is a collaboration of Lester Young and Coleman Hawkins I would say. Those
two were very popular in Chicago. I remember as a young kid, I used to
go see Lester Young with Count Basie and Hawk would come through town
and play with different trios with different clubs. In fact, he was a
very good friend of my father's. I actually first met him. One day, my
father told me about Hawkins working somewhere. It was near the house,
actually, about two or three blocks from where we lived. My father was
on duty and he used to go over. You see, Fred, he was a Chicago policeman.
Sometimes he would make extra money by being a bouncer at a nigh club.
That was very popular in that era. I had actually met Coleman Hawkins
when I was very, very young. Of course, later on, I got to know him and
even played with him a couple times.
FJ: Rather than leave for New York, you remained in Chicago.
FREEMAN: It was just happenstance really. But you know, speaking of that,
there is a bunch of musicians around here that probably would be better
known and might have become stars had they gone on to New York. New York
had a lot of the record companies, most of the record companies, especially
main record companies and they would push their clients and that made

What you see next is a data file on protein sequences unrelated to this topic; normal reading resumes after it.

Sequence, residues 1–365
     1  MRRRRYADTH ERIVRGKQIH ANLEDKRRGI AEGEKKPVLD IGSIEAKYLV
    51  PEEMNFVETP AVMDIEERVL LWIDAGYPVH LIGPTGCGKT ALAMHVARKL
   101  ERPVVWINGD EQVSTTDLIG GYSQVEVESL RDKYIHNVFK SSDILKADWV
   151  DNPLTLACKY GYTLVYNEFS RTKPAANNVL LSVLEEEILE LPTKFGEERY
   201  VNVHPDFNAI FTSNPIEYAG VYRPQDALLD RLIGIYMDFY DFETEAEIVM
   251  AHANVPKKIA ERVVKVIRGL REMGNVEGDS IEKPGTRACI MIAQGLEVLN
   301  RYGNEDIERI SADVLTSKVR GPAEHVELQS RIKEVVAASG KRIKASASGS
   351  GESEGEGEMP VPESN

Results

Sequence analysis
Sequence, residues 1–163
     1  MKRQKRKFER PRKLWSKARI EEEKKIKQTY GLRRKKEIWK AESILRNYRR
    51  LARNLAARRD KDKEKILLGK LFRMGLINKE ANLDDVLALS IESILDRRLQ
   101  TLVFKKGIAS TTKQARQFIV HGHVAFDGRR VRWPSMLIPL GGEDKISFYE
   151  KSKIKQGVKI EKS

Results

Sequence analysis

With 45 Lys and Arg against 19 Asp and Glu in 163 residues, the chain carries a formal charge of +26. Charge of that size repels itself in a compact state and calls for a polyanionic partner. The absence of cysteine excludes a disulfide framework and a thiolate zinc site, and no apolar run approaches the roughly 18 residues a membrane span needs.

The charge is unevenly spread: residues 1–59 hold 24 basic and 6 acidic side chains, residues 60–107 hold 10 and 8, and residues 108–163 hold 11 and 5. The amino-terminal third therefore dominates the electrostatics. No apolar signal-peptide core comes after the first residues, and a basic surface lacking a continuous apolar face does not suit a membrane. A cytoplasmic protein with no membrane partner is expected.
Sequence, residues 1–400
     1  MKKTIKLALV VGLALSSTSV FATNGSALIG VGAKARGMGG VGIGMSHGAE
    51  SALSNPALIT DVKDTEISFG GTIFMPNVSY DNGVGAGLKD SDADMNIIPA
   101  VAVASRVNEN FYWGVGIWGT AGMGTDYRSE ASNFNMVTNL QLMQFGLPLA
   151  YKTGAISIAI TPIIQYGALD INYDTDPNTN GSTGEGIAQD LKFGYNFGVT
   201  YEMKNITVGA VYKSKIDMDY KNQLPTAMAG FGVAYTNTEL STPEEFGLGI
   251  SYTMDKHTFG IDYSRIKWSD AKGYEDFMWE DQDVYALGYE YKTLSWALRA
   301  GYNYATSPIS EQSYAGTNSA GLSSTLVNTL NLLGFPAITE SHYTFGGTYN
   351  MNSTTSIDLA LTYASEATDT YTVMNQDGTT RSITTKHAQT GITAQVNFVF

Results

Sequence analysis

all the difference in the world. So a lot of guys went on to New York
and made big names and perhaps I could have done that also, but it was
just happenstance that I stayed around Chicago.
FREEMAN: No, not really. I've become very popular in the last couple of
years (laughing). I guess it all evens out, if you look at it that way.
Now that I am eighty, I can look back and I've been through many trials
and tribulations that the average musicians go through. For instance,
both Fred Anderson and I, I think what caused us to survive was both of
us have been what they call outside players. Fred is much more than myself.
I just think everything sort of evens itself out. Like I said, if you
happen to stay around long enough. Of course, even if you don't, the people
that like you will come. I think for years and years and years, a lot
of New York stars were pushed more harder than Chicago people. And then
a lot of people from here went to New York. So we lost a lot of people.